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Top Ten Scariest Book to Movie Adaptations: Happy Halloween! #book2movies

Happy Halloween! I shared this list of the top ten scary horror novels adapted for the screen back in 2011. Surely we've seen some scary new screen adaptations since then. Any suggestions? Does this year’s Gerald's Game based on the Stephen King book belong on the list? How about the Babadook? I'm dying to hear your point of view. 

In the meantime, turn the lights down and settle in with a bowl of candy corn and popcorn and enjoy the scariest season of the year!

1. “The Exorcist” by William Peter Blatty (1971). The film based on the book was released in 1973, and was nominated for 10 Academy Awards. Many people view the book as one of the most frightening horror novels of all time.
2. “Rosemary’s Baby” by Ira Levin (1967). This bestseller was adapted into a film starring Mia Farrow in 1968. The popularity of the novel and movie inspired the author to write a sequel in 1997. 

3. “The Haunting of Hill House” by Shirley Jackson (1959). This is one of the horror novels on the list to be adapted into not one, but two films. Both of the movies are called “The Haunting,” and the first, from 1963, is fairly similar to the book. The second movie, made in 1999, is quite different from the novel.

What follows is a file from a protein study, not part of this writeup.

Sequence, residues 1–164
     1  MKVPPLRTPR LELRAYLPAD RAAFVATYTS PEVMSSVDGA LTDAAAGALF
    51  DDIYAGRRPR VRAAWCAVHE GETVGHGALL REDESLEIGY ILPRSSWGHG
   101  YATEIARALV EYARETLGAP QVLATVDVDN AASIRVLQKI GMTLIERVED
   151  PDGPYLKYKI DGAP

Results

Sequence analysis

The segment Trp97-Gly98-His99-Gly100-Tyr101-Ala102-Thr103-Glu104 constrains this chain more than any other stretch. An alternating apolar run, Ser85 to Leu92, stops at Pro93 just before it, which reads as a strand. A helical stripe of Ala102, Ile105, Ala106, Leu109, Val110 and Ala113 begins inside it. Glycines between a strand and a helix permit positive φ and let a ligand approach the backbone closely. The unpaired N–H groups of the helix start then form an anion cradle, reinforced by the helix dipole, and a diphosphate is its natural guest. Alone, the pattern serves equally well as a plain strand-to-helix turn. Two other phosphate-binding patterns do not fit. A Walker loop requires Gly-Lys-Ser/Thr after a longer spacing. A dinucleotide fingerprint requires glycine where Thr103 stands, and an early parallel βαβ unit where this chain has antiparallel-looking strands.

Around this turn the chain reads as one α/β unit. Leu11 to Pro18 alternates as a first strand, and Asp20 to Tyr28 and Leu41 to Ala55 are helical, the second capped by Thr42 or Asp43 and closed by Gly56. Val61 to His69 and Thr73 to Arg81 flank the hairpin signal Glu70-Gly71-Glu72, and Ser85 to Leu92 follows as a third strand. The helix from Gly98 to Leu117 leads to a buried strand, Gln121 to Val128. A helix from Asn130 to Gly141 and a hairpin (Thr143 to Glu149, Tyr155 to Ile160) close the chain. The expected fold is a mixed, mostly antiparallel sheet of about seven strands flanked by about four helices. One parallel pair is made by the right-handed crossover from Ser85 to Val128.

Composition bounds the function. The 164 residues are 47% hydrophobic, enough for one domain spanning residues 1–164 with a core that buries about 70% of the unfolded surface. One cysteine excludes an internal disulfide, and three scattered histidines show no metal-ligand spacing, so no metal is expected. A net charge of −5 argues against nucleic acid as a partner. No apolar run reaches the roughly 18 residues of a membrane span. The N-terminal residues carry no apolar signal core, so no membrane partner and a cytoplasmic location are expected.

4. “The Silence of the Lambs” by Thomas Harris (1988). The film adaptation of this wildly popular novel was critically acclaimed, winning all five of the top Academy Awards in 1991.

5. “Misery” by Stephen King (1987). One of the few non-supernatural horror novels on the list, “Misery” became a movie in 1990. Kathy Bates received an Oscar for her portrayal of Annie Wilkes.

6. “The Shining” by Stephen King (1977). Yes, Stephen King gets two entries on the list of 10 best horror novels made into movies. Even though the 1980 Stanley Kubrick film adaptation was very different from the novel, they are both terrifying. The book was also made into a mini-series in 1997 that was much more faithful to the original story.

7. “Frankenstein; or, the Modern Prometheus” by Mary Shelley (1818). The oldest of all the horror novels on the list, “Frankenstein” introduces one of the best-known characters in history. The book has been adapted into countless film versions over the years.
8. “The Midwich Cuckoos” by John Wyndham (1957). “The Midwich Cuckoos” was the basis for the 1960 film “The Village of the Damned.” The original film was even remade in 1995.

9. “Dracula” by Bram Stoker (1897). Even though this novel did not introduce the concept of the vampire, it has had widespread influence on popular culture. The title character has been featured in innumerable movies; perhaps most notably the 1931 film “Dracula.”

10. “The Stepford Wives” by Ira Levin (1972). The second of Ira Levin’s horror novels to make the list, “The Stepford Wives” became a movie in 1975, which was remade in 2004.
Credit to Harper Beckett on manmade.com. What would you add?